Maximum speed is convert|27|kn|km/h|0 with a maximum range of 4,200 nm, making it the fastest and most mobile variant.

"Kang Ding" class: Republic of China (Taiwan)

As the Republic of China (Taiwan)'s defensive stance is aimed towards the Taiwan Strait the Republic of China Navy is constantly seeking to upgrade its anti-submarine warfare capabilities. The agreement with France in the late 1980s is an example of the operation of this procurement strategy; the six ships are configured for both ASW and surface attack. The Exocet is replaced by a Taiwanese surface attack missile and the AAW weapon is the Chaparral. Some problems in the integration of Taiwanese and French systems have been reported.

The antiquated Chaparral SAM system is considered totally inadequate for defence against aircraft and anti-ship missiles. According to Jane's there are plans to upgrade its air-defence capabilities with the RIM-116 Rolling Airframe Missile, though no timetable for this has been confirmed.

The class' maximum speed is convert|25|kn|km/h|0 with a maximum range of 4,000 nm.

Taiwan frigates scandal

The Taiwan frigate deal has led to a large political scandal, both in Taiwan and France. A former French foreign minister has claimed that up to $500,000 was paid by Thomson-CSF (now Thales), the prime contractor, as a "sweetener" as the ships did not strictly meet Taiwan's requirements. Eight people involved in the contract have died in unusual and possibly suspicious circumstances. [] Six ROC naval officers have been indicted on corruption charges relating to the affair.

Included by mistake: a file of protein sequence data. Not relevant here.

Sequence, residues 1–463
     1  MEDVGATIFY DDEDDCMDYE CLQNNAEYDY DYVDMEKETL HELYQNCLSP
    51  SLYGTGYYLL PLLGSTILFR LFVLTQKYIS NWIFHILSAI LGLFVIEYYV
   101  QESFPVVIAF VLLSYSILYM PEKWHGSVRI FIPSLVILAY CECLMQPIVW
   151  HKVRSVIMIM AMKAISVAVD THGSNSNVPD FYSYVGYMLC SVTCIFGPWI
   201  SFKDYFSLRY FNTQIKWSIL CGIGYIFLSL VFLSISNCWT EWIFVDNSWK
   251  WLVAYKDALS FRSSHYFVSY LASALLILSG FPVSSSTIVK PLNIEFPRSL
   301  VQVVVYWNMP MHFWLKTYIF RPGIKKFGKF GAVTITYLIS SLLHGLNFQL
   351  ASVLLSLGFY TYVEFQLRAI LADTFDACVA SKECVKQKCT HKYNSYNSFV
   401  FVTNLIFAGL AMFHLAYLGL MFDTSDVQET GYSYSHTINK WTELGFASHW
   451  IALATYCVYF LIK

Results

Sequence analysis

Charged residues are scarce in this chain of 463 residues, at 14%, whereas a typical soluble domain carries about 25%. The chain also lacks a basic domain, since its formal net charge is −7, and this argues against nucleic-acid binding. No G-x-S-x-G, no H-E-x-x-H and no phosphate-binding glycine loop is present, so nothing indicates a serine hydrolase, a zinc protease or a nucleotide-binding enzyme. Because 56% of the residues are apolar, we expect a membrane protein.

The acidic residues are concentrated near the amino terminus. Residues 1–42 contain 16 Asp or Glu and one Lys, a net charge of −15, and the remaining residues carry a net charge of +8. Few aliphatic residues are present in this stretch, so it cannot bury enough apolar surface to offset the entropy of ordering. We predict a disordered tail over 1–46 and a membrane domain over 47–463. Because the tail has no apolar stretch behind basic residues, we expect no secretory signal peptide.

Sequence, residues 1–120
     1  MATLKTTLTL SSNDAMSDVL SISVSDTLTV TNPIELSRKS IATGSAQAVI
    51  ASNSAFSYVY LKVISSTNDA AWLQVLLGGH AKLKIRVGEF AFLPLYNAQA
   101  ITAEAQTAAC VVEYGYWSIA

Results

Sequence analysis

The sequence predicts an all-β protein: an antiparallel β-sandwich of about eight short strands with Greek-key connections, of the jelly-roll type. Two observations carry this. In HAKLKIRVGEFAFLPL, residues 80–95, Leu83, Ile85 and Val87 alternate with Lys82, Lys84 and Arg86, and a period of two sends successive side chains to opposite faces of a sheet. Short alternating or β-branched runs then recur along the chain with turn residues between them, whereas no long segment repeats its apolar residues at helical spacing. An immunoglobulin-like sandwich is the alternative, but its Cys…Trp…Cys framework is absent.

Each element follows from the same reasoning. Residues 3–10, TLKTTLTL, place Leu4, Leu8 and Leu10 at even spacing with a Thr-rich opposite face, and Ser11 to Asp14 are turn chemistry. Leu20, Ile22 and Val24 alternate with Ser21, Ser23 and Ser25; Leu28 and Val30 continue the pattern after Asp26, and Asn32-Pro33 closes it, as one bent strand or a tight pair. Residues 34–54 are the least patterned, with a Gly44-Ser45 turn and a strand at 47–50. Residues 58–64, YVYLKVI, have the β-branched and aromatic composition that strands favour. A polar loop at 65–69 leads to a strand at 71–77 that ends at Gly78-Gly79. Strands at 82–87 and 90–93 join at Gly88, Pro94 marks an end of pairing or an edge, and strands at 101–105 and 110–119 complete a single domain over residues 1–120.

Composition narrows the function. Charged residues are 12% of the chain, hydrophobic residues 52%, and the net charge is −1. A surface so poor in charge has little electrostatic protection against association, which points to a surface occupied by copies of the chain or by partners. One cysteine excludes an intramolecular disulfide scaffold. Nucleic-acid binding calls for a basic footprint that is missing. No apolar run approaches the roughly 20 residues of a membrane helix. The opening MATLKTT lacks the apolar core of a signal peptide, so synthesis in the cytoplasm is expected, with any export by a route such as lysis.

In 2003 Taiwan's Navy sued Thomson-CSF (Thales) to recover alleged $590 million USD in kickbacks, paid to French and (Mainland) Chinese officials to grease the 1991 La Fayette deal. [] The kickback money was deposited in Swiss banks, and under the corruption investigation, Swiss authorities froze approx. $730 million USD in over 60 accounts. In June 2007 the Swiss authority returned $34 million from frozen accounts to Taiwan, with additional funds pending. []

In film

* The lead ship, "La Fayette" (F710) was featured in the 17th James Bond film GoldenEye in 1995 as the site for the unveiling of the Eurocopter Tiger, which is subsequently stolen in the film. A game of film for the Nintendo 64 includes expanded rescue mission inside "La Fayette".

External links

* [ Frégate "La Fayette"] on the site of the Ministry of Defence
* []
* [] French Frigate "La Fayette" on